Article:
Helping restore Father's people

to the Ancient Paths of scripture.

Walking in the Ten Words (Commandments) and the Power of the Holy Spirit

(Rev.12:17, Luk.10:19, Mat.28:19-20)

The Repairer of the Breach


Tertullian lived in the ancient city of Carthage in what is now Tunisia, sometime around 200AD. Very little is known about his life - that little comes either from writers two centuries later, or from the scanty personal notes in his works. Much of it has been asserted to be untrue anyway by some modern writers .

He was born a member of the educated classes, and clearly gained a good education. Life in his times wasn't very different in some ways to the modern day - he indulged his passions as he saw fit, including sex, and like everyone else attended the games where gladiators killed each other and criminals were eaten alive, for the enjoyment of the spectators.

But among the sights he saw, was that of Christians being executed this way. He was struck with the courage with which stupid and contemptible slave men and little slave girls faced a hideous death, against all nature; and after investigating, became a Christian himself, and turned his budding talents to writing in defense of this despised and victimised group.

Tertullian was the first Christian writer to write in Latin, and was described three centuries later as writing 'first, and best, and incomparably', of all the writers to do so. (by the unknown author of 'Praedestinatus'). His writing is aggressive, sarcastic and brilliant6, and at points very funny even after 2000 years. He was deeply conscious of his own failings, and had a burning desire for truth and integrity. He was described by Jerome as celebrated in all the churches as a speaker; and his works bear the marks of the need to keep an audience awake! His erudition was immense. Much of what he read is lost, but what remains gives a picture of wide reading, which was celebrated even in antiquity.

He wrote a great number of works - how many is unknown. Thirty-one are extant; lists of known lost works are elsewhere on this site; but we have no reason to suppose this to be anything like an exhaustive list. Most of those extant have come down to us by the slenderest of threads, and the very nature of Tertullian's terse and ironic style, means that copyists made many errors, and in some cases his text is beyond certain restoration. Not all of his works were ever completed.

His most important work is the Apologeticum, in defense of the Christians. Running it close must be Adversus Praxean, in which the doctrine of the Trinity comes into clear focus for the first time, in response to a heretic who was twisting the biblical balance between the persons of the Godhead. In this work, he created most of the terminology with which this doctrine was to be referred (and is still), such as Trinitas, etc.  His discussion of how heretical arguments are in general to be handled in De praescriptio haereticorum also deserves wider recognition.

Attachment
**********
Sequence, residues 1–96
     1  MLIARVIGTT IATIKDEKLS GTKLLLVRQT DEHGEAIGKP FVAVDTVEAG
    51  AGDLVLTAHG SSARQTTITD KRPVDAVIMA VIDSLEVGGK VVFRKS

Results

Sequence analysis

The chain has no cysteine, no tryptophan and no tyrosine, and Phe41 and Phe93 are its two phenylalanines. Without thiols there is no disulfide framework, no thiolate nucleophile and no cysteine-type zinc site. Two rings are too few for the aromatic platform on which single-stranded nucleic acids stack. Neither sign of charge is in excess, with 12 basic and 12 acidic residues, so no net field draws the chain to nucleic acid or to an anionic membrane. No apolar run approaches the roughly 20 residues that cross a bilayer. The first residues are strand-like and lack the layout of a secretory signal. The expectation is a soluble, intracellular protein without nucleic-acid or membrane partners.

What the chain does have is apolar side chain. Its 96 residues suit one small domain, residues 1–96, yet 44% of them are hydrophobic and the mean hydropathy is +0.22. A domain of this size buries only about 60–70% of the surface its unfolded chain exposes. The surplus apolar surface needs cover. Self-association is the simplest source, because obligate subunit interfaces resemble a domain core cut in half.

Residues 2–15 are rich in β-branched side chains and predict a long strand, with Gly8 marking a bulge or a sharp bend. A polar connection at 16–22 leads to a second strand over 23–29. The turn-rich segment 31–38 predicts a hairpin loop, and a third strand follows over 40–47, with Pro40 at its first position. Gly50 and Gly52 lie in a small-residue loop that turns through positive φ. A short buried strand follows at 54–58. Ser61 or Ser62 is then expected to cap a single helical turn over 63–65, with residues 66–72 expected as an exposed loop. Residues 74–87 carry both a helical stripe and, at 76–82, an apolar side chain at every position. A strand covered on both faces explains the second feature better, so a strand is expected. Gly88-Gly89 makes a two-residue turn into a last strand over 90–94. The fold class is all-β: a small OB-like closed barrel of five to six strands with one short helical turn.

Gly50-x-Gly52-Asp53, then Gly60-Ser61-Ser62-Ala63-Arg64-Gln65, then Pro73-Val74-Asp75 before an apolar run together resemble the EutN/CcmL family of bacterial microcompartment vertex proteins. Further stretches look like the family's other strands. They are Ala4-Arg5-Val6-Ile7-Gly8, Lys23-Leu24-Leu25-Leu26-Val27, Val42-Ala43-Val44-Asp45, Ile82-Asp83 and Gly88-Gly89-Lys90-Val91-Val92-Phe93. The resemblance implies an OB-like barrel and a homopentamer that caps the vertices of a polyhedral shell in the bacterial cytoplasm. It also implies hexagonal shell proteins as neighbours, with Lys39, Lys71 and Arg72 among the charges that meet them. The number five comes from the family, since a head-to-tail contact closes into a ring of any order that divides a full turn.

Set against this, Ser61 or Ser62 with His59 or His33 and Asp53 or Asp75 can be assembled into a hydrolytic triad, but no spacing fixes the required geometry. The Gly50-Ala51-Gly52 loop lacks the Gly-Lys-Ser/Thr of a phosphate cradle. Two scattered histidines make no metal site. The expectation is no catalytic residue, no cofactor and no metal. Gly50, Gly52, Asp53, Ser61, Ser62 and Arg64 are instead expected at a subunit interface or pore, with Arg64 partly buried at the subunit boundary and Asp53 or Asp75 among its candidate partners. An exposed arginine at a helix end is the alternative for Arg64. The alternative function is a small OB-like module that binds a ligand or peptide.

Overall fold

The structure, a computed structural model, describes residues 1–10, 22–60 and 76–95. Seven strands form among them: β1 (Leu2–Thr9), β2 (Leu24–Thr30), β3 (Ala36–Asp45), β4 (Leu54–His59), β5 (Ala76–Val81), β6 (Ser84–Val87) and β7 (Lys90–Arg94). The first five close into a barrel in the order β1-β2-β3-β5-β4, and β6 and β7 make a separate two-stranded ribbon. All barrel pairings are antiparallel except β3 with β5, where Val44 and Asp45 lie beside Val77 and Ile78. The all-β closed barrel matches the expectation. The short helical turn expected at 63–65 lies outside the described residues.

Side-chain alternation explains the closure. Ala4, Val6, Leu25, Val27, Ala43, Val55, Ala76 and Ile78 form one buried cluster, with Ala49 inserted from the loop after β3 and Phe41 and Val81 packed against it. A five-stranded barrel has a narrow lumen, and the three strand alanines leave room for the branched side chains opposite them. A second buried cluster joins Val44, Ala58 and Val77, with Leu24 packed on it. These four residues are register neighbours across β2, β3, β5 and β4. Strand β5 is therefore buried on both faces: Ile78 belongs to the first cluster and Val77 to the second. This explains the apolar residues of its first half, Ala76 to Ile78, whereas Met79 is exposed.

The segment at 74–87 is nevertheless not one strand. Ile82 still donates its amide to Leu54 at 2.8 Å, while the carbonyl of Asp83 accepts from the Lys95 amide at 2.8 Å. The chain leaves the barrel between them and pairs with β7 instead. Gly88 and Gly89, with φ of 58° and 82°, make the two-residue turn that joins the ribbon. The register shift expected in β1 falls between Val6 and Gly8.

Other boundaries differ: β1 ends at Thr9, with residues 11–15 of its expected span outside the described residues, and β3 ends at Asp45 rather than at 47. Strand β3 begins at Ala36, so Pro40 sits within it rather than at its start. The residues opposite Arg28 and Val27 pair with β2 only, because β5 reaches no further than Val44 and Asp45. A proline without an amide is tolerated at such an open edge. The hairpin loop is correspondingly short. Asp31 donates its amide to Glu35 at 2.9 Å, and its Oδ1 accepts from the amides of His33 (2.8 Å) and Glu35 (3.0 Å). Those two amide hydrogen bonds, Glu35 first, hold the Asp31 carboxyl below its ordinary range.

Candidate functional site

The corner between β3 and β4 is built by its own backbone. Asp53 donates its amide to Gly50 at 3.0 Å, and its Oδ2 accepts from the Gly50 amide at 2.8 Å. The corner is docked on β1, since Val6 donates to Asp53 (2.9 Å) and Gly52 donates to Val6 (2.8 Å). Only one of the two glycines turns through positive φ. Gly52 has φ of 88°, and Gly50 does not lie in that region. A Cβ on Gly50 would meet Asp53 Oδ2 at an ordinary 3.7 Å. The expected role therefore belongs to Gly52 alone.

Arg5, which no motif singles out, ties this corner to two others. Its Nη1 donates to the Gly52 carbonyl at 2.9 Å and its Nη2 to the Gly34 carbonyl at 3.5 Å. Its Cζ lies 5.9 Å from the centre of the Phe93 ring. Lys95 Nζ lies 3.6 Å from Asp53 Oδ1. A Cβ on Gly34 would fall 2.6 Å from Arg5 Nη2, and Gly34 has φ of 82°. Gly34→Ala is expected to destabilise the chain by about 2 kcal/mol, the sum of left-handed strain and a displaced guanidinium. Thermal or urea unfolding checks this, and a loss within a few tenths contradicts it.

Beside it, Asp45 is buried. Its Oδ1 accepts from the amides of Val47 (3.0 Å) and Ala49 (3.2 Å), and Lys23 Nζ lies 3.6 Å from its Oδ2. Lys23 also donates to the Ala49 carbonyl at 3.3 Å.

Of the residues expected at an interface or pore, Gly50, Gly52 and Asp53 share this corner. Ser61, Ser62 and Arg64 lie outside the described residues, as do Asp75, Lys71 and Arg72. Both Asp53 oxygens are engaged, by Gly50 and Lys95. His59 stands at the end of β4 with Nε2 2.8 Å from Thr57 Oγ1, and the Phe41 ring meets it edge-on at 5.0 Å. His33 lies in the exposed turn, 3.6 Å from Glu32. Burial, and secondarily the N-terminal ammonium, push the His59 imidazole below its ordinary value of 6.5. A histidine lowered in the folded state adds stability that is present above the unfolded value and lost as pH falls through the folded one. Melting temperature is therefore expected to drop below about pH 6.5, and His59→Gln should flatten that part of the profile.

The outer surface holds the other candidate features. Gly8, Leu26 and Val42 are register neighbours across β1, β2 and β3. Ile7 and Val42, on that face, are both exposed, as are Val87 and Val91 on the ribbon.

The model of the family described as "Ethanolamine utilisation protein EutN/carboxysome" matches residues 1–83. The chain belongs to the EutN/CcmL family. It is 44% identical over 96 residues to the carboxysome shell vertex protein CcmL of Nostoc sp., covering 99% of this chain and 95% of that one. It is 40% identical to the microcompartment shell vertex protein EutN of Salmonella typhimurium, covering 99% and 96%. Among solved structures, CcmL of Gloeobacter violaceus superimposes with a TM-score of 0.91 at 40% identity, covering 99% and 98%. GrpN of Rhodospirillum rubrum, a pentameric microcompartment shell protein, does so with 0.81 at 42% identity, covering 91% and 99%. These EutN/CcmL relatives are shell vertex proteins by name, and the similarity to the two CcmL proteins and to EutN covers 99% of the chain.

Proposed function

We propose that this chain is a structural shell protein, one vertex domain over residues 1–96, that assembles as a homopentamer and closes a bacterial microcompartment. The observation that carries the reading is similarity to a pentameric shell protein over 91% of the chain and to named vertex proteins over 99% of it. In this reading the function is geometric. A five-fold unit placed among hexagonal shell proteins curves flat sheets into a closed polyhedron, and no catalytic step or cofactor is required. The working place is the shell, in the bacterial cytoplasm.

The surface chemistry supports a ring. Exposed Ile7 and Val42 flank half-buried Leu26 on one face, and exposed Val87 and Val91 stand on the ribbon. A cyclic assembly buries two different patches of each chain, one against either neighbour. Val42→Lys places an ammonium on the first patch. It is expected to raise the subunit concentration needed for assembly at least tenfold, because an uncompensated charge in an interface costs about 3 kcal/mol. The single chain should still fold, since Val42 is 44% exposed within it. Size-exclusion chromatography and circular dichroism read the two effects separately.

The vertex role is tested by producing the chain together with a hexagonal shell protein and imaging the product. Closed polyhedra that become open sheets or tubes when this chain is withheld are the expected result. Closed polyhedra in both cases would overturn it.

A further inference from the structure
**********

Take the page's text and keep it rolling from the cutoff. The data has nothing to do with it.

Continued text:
Tertullian wrote no systematic theology; all of his works are brought forth by a local event, a persecution, or a heretic.

In his time, the church finally decided to reject a movement calling itself 'The New Prophecy', and known later as Montanism. The New Prophecy made no doctrinal innovations, but said that the Holy Spirit was calling Christians to a more ascetic position. But obeying the prophets inevitably meant a problem, if the bishop did not recognise their authority.

Tertullian had grown angry at what looked like compromise creeping into the church - unwillingness to be martyred, willingness to forgive more serious public sins - and aligned himself with the Montanists. It is unclear whether this involved actually leaving the church , but his later works are avowedly Montanist, and one or two explictly attack the mainstream church on these points. As such he was not recognised as a Saint, despite his orthodoxy, and his works were all marked as condemned in the 6th Century Decretum Gelasianum.

His later life is unknown, and we do not know if he was martyred or died of old age as Jerome says.

Churchmen have not liked him - he is not easy reading for those who prefer compromise and ambiguity to truth, and of ecclesiasticism there is no trace in his works. The rhetoric that impressed his contemporaries has been often laid hold of and twisted in misquotations by enemies of the Church. He is often misquoted - and as a subtle and ironical writer, is easy to misquote.

He has been called the first Protestant, as the first Christian writer of impeccable orthodoxy to enunciate the unpalatable truth, that the church was not a conclave of bishops, but the people of the Holy Spirit.

But his legacy was the very shape of Latin Christianity. St Cyprian never went a day without reading him, and called him 'the master'. He gave Christians the means with which to meet paganism on its own ground and defeat it. And whenever the errors against which he wrote resurface, as they do from time to time, what Tertullian had to say about them will again be readable; who wrote 'first and best and incomparably'  against them.

Tertullian (160-220)